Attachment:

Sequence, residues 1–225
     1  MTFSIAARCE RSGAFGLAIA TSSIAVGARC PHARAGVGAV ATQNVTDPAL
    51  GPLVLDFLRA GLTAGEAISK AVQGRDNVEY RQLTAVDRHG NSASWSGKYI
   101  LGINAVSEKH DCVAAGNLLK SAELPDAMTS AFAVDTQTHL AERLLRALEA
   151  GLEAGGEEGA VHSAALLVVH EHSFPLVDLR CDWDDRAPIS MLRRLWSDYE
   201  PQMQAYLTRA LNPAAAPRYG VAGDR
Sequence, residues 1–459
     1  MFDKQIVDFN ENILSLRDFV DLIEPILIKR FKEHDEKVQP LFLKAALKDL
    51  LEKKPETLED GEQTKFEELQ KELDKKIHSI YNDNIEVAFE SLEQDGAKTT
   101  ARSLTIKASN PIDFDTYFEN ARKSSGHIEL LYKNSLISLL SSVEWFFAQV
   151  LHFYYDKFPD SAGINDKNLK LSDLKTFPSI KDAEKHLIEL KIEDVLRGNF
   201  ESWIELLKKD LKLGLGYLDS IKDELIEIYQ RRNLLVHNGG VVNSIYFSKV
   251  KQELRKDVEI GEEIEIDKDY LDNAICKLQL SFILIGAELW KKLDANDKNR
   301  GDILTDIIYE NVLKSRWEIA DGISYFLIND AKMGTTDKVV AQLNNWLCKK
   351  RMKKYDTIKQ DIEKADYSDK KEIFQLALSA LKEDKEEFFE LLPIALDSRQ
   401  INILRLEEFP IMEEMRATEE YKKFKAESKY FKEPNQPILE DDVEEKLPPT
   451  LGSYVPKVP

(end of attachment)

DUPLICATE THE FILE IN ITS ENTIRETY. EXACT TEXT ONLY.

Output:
Sequence, residues 1–225
     1  MTFSIAARCE RSGAFGLAIA TSSIAVGARC PHARAGVGAV ATQNVTDPAL
    51  GPLVLDFLRA GLTAGEAISK AVQGRDNVEY RQLTAVDRHG NSASWSGKYI
   101  LGINAVSEKH DCVAAGNLLK SAELPDAMTS AFAVDTQTHL AERLLRALEA
   151  GLEAGGEEGA VHSAALLVVH EHSFPLVDLR CDWDDRAPIS MLRRLWSDYE
   201  PQMQAYLTRA LNPAAAPRYG VAGDR
Sequence, residues 1–459
     1  MFDKQIVDFN ENILSLRDFV DLIEPILIKR FKEHDEKVQP LFLKAALKDL
    51  LEKKPETLED GEQTKFEELQ KELDKKIHSI YNDNIEVAFE SLEQDGAKTT
   101  ARSLTIKASN PIDFDTYFEN ARKSSGHIEL LYKNSLISLL SSVEWFFAQV
   151  LHFYYDKFPD SAGINDKNLK LSDLKTFPSI KDAEKHLIEL KIEDVLRGNF
   201  ESWIELLKKD LKLGLGYLDS IKDELIEIYQ RRNLLVHNGG VVNSIYFSKV
   251  KQELRKDVEI GEEIEIDKDY LDNAICKLQL SFILIGAELW KKLDANDKNR
   301  GDILTDIIYE NVLKSRWEIA DGISYFLIND AKMGTTDKVV AQLNNWLCKK
   351  RMKKYDTIKQ DIEKADYSDK KEIFQLALSA LKEDKEEFFE LLPIALDSRQ
   401  INILRLEEFP IMEEMRATEE YKKFKAESKY FKEPNQPILE DDVEEKLPPT
   451  LGSYVPKVP